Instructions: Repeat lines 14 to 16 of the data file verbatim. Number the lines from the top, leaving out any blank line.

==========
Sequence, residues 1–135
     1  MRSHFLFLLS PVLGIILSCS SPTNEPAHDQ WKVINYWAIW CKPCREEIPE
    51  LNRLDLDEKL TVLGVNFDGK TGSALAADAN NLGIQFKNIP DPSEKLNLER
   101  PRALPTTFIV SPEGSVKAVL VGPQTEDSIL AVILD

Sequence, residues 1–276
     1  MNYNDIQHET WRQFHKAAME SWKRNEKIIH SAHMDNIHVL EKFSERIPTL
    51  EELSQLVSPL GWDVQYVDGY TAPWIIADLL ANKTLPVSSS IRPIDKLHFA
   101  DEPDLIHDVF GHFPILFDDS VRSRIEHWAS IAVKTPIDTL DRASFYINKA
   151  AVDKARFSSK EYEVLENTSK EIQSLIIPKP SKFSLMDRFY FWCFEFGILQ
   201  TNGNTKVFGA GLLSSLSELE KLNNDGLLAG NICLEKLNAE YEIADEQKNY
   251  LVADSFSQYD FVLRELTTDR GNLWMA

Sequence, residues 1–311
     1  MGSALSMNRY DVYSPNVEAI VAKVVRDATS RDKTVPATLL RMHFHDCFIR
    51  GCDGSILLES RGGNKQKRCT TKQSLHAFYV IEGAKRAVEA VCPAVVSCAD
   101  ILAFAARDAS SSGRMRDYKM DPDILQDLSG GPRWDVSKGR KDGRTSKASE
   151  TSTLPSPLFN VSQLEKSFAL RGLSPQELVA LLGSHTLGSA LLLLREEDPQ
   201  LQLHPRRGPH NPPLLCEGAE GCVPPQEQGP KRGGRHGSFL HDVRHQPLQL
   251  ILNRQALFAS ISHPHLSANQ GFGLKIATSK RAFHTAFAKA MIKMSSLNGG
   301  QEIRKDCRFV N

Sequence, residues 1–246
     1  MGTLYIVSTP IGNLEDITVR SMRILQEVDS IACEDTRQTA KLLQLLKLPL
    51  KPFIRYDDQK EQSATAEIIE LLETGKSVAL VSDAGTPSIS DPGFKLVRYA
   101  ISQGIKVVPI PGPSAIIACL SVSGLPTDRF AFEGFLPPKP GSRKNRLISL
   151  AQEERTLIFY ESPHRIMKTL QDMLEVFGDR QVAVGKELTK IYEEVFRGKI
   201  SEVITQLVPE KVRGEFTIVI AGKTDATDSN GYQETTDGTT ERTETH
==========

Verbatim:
    51  GCDGSILLES RGGNKQKRCT TKQSLHAFYV IEGAKRAVEA VCPAVVSCAD
   101  ILAFAARDAS SSGRMRDYKM DPDILQDLSG GPRWDVSKGR KDGRTSKASE
   151  TSTLPSPLFN VSQLEKSFAL RGLSPQELVA LLGSHTLGSA LLLLREEDPQ